Monday, August 21, 2006

52.1 - 52.13

I started posting about DC's ongoing weekly series, 52, back in May, promising to look at each issue as it came out. Oops. Well, the series hit its quarter mark a couple weeks ago so I thought I'd jump back into some commentary...

For those of you who don't want to find the old posts, here's a quick recap of what brought the comic about: At the end of the big crossover series Infinite Crisis, the "big 3" of the DC Universe (Superman, Batman, and Wonder Woman) leave the scene for various reasons. All DC titles start with storylines beginning "One Year Later" immediately following the end of IC; 52 tells the story of what happened during that missing year. Each issue covers a week of that year. It is written by Grant Morrison, Greg Rucka, Geoff Johns, and Mark Waid and drawn by a revolving cast of artist, though always with layouts by Keith Giffen and covers by J.G. Jones. Got it? Good.

There are many storylines weaving throughout this series, some of which I have found more interesting than others. At the top of the list for me is The Question and Renee Montoya investigating Intergang, a nefarious group that is up to...something. While the investigation aspect is appealing (they've tangled with several unique bad guys and have discovered the existence of a Batwoman), I enjoy their story as much for their interaction. The Question is an all-time favorite character (ever since his ongoing series by Denny O'Neil and Denys Cowan back in the 80s) and the tone here is just right. Montoya is equally intrigued by him, when he doesn't want to punch him in the face. I would love to read a buddy comic with these two. Anyway, by the time #13 rolls around they decide they need to head to Khandaq for more answers.

That decision will put them in the same area as another featured player, Black Adam. He's been portrayed as both villain and hero over the years and sometimes he's both rolled into one. In early issues of 52, he was maniacal in his wanting to "protect" his people from other super-powered idiots even going so far as to rip a villain in half. Recently, though, he has come under the influence of a woman who had been presented to him by Intergang emmisaries; she is getting him to see that he can use his power to actually change the world for the better. In #12, he takes her to the Rock of Eternity (where Captain Marvel appears to be losing his mind a bit) and offers her the powers of a goddess. She accepts and becomes Isis. This turn has me much more interested in this storyline.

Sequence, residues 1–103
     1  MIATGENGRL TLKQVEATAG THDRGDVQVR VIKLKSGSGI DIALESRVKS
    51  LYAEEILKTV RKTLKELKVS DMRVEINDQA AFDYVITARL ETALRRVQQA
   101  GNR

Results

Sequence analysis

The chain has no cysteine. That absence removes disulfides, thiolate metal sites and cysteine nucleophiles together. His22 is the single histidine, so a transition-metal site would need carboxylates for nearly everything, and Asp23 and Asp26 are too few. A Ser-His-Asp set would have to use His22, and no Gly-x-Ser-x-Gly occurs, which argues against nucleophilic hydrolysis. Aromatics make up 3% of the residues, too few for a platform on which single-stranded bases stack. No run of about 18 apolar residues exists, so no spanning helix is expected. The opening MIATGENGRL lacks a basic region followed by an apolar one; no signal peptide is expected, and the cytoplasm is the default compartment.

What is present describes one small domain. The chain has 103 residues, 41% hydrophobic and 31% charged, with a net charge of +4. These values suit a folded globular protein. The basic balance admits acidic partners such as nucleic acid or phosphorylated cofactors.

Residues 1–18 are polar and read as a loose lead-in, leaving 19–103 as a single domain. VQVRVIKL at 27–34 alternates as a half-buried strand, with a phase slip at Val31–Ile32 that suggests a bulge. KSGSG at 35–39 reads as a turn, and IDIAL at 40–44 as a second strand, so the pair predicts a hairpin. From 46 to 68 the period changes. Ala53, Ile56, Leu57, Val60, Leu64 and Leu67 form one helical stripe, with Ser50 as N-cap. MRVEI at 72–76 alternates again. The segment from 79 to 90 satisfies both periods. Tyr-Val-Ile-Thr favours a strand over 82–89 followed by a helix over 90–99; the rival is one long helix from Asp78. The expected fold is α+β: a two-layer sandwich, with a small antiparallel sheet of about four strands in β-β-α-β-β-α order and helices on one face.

Another pair of characters being dealt with are John Henry Irons (Steel) and his niece Natasha. He takes away her armor in the first issue and they squabble over the course of the next few issues, while he is also dealing with Lex Luthor in a variety of ways. Luthor has found a way to trigger the metagene in people (a concept first introduced waaaay back in a DC crossover event that I've forgotten the name of, alas) and has somehow done it to Irons as well; his skin is turning to steel, eliminating the need for his armor. Natasha is given that metagene, which leads to a huge confrontation between the two that she wins.

Booster Gold, meanwhile, is having some confrontations of his own. At first he is using his knowledge of the past (in the form of his robot companion Skeets; both are from the 25th century) to thwart villains and make a name for himself, which in turn garners him endorsments deals and riches (resetting the character to his original form). Problems arise when Skeets's knowledge turns out to be wrong and he eventually resorts to paying an actor to play a villain he defeats. Eventually he is found out and his fortunes take a quick downturn.